Sarah Keele: Disney with an Edge


Sarah Keele is an illustrator and graduated from BYU with a BFA in the Concept Design Track of the Illustration Emphasis and received the Outstanding Senior Graduate Award from the Illustration Department. She represented the Design Program by giving a speech at convocation. Keele and her husband live in Utah.


Tell us about your background. I was born in California and lived all over the place until I finally settled in Utah. With purchasing a nice big home and a little one on the way, I think we’re here to stay. However, a little piece of my heart will always belong to Virginia where my grandparents reside. They live in a woodsy area with about a dozen acres of land. I went there every summer growing up and it’s where some of my fondest childhood memories were made. A lot of influence from my fantasy style artwork comes from there too. Shortly after graduation I had a brief internship with Origin Studios until I was hired on as a full time contract artist at Wahoo Studios here in Orem. Now that contract has ended and so I’m working from home on various freelance projects, home remodeling and preparing for a baby to join our family.

Describe your art. I have heard it described as Disney style with an edge. I am not actively trying to emulate Disney artists, but I suppose that if that’s what comes naturally to me, I might as well roll with it. That said, I do on occasion try elements of styles that do not come naturally to me, but that I consider to be beautiful, in an effort to continually broaden my ‘style spectrum’ so to speak. My goal is for one day, people won’t look at my work and see a strong ‘Disney’ influence, but rather they’ll be able to immediately put my name next to my style.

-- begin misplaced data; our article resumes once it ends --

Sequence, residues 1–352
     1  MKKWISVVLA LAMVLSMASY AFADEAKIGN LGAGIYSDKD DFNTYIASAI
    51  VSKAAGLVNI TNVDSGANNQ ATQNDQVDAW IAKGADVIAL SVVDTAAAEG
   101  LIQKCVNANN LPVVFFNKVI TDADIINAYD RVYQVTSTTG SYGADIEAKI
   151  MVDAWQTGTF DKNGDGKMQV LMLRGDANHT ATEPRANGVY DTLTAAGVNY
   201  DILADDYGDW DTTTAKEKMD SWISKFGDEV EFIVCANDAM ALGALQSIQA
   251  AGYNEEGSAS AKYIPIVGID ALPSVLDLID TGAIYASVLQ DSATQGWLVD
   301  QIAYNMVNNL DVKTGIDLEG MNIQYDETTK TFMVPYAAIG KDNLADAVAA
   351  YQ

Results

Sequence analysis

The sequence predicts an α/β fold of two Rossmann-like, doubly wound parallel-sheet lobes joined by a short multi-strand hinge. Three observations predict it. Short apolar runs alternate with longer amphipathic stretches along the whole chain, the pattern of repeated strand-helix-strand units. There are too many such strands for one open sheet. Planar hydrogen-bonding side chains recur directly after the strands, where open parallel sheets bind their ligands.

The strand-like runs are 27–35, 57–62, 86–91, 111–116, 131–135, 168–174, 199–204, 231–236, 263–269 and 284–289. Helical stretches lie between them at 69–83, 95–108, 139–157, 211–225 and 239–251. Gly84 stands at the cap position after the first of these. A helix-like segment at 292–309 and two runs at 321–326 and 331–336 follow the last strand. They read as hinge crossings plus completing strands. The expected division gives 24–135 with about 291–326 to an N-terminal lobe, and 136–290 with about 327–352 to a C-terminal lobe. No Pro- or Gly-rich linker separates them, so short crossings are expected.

How do you think art fits into our worship in the Church? How could we use it more effectively? This is a great question. In D&C 25:12 it says: “For my soul delighteth in the song of the heart; yea, the song of the righteous is a prayer unto me, and it shall be answered with a blessing upon their heads.” This scripture can be applied to visual art as well. A painting of the righteous is a prayer unto God. This doesn’t mean that every painting an artist does has to be a painting of Christ or some religious sentiment, but rather the state of mind he or she has while creating a work of art. “For my soul delighteth in the painting of the heart.” For me, I have to have gratitude and thanksgiving for the Lord always. I wouldn’t have got as far as I have without him. And, it’s not because he gave me a talent, it’s because he gave me the opportunities and encouragement I needed to develop it. Another thing to remember is that art is a defining feature in culture and has been for centuries. That’s a huge and awesome responsibility to artists of all sorts. A childhood friend once asked me, “What’s so great about art?” This childhood friend’s life did infact revolve around the latest video games, her favorite movies and Saturday morning cartoons. There is an artist behind every pop culture icon and yet, it’s so subtle and so powerful, children don’t recognize it as art. To them, it’s reality. Recognizing this as you create art, especially art that children will be exposed to, you can have a positive influence on how people see the world, what kind of person they become and how they in turn impact the world.

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Sarah Keele